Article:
Toyota Automated Driving: The Guardian and Chauffeur approaches
Mobility "e-Palette" and automated driving research vehicle Platform 3.0 announced at CES 2018
|Automated driving EV mobility "e-Palette"
(Exhibited at CES 2018)
This report outlines how Toyota approaches automated driving development and is based on a seminar lecture entitled "Toyota's AD Technology Development and Challenges" given by Mr. Yoshiaki Matsuo, Project General Manager of Toyota's Advanced Safety System Research and Development Division at the 10th annual Automotive World event held in January 2018, as well as the "Automated Driving at Toyota" white paper released in September 2017 and announcements made at CES 2018.
Toyota is developing automated driving systems by following two approaches; Guardian and Chauffeur. Guardian is an advanced safety driver-assistance system that monitors the vehicle interior and external environment to intervene or take control of the vehicle in the event of an emergency.
Chauffeur is an automated driving system aimed at achieving automated driving at the SAE levels of Level 5 fully automated and Level 4 conditional automated driving. Toyota is taking a unique approach in that the Guardian system, which provides advanced driving assistance, has the same hardware, software, and advanced AI technology as the fully autonomous Chauffeur system.
The Guardian system can be adopted earlier and more widely than the Chauffeur system, with Toyota seeking to reduce the number of collisions and save as many lives as possible today, rather than wait for the future. The Lexus Safety System + A, an advanced driver-assistance technology package that will also contribute to the development of automated driving, was equipped on the new Lexus LS released in October 2017, but more advanced safety technologies will be developed and adopted sequentially for Guardian.
In addition, the Chauffeur system will have the features of Guardian to act as a safety net.
At the CES 2018, Toyota announced the "e-Palette" EV concept vehicle as the next generation of purpose-built EVs for mobility services with automated driving by the Chauffeur system. Toyota hopes to contribute to the success of Tokyo Olympic Games in 2020 by providing mobility solutions, such as the e-Palette.
At the CES 2018 Toyota also announced its new automated driving research vehicle, Platform 3.0. With four high-resolution scanning heads, the LiDAR system has a range of 200 meters covering 360-degrees around a vehicle. The Platform 3.0 vehicle's array of highly advanced sensory components was packaged in the rooftop cover with a compact and attractive design.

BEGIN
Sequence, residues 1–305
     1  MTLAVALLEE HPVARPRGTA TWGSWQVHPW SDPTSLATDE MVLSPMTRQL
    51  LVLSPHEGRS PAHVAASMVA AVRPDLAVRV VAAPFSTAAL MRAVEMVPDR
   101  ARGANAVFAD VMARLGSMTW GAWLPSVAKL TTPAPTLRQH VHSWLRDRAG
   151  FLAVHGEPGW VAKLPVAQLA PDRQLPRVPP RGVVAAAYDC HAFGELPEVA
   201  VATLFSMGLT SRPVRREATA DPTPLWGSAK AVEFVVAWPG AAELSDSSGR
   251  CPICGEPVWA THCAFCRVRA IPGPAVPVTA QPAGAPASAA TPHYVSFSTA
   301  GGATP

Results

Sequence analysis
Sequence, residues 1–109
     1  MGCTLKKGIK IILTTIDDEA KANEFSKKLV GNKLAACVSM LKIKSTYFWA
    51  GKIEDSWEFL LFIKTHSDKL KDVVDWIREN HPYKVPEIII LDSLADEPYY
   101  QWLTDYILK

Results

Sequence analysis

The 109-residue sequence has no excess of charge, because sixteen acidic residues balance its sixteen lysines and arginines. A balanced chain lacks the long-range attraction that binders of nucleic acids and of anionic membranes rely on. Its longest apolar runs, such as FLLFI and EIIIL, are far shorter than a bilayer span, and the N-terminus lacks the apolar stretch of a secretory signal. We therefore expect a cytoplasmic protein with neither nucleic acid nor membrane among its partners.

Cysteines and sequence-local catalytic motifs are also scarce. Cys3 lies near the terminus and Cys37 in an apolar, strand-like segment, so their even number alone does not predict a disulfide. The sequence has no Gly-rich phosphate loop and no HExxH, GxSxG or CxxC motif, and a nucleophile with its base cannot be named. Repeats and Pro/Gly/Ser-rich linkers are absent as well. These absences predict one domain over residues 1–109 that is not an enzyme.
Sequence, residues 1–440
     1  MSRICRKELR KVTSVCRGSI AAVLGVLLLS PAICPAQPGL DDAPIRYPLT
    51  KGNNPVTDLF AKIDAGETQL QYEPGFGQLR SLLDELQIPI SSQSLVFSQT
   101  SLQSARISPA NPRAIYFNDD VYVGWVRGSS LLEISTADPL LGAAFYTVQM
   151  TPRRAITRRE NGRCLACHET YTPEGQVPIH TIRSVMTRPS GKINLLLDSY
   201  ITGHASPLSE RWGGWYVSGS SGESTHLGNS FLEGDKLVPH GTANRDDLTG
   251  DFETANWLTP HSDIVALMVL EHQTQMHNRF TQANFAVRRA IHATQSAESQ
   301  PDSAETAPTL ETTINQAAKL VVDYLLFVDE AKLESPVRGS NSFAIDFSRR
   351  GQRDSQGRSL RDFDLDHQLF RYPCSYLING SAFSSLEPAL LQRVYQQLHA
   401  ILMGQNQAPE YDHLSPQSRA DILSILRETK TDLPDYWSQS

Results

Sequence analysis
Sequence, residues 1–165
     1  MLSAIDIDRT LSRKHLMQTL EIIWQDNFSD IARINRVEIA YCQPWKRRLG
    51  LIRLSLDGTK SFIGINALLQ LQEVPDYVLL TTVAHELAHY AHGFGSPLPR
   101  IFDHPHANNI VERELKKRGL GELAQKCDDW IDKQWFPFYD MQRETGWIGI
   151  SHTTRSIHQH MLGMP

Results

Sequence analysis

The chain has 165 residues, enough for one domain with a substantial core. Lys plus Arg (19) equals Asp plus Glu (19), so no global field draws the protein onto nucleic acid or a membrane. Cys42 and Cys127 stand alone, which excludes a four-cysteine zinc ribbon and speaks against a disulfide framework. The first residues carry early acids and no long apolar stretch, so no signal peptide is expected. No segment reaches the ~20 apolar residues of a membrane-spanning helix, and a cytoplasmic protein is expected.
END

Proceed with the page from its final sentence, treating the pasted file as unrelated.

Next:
Toyota is currently developing privately-owned automated vehicles in parallel with vehicles for mobility services. Vehicles for mobile services such as the e-Palette will be controlled with the Chauffeur system. Toyota is aiming to develop fully automated vehicles in the future through the evolution of technologies at Levels 2 and 3. It is believed that Toyota will offer vehicles for private owners that can be driven in either fully automated or manual driving modes, such as the dual functionality seen in the Toyota Concept-i series exhibited at the CES 2018 and the Tokyo Motor Show 2017 (the details of which have not been announced).
In the section of Toyota's white paper entitled "how Toyota approaches automated driving development", there is a passage noting that, while Toyota may be at the forefront of industry in its automated driving technology development, it is being extremely cautious with regards to "driver capability" and "driving environment difficulty" considerations. The end of this report includes a section summarizing what seems to reflect the characteristics of Toyota's automated driving development philosophy.
Development scenarios for automated driving technology:
|Lv2||Advanced driver-assistance technology. Driver assistance is carried out seamlessly by steering support in line with the intentions of the driver, such as on motor-vehicle-only roadways with many curves.|
|Lv2-||Automated driving on motor-vehicle-only roadways. This assumes single direction driving and simple road shapes.|
|Lv2-Lv4||Fully automated driving on motor-vehicle-only roadways.|
|Automated driving on ordinary roads. This entails driving conditions with many intersections, traffic signals, signs, pedestrians, and motorcycles.|
|(20XX)||Lv5||Fully automated driving on all roads.|
Toyota's autonomous driving (1): More sophisticated ADAS and fully autonomous driving (Feb. 2017)
Toyota's autonomous driving (2): Striving for "trillion-mile reliability" (Mar. 2017)
Tokyo Motor Show 2017: Toyota unveils numerous concept vehicles (Nov. 2017)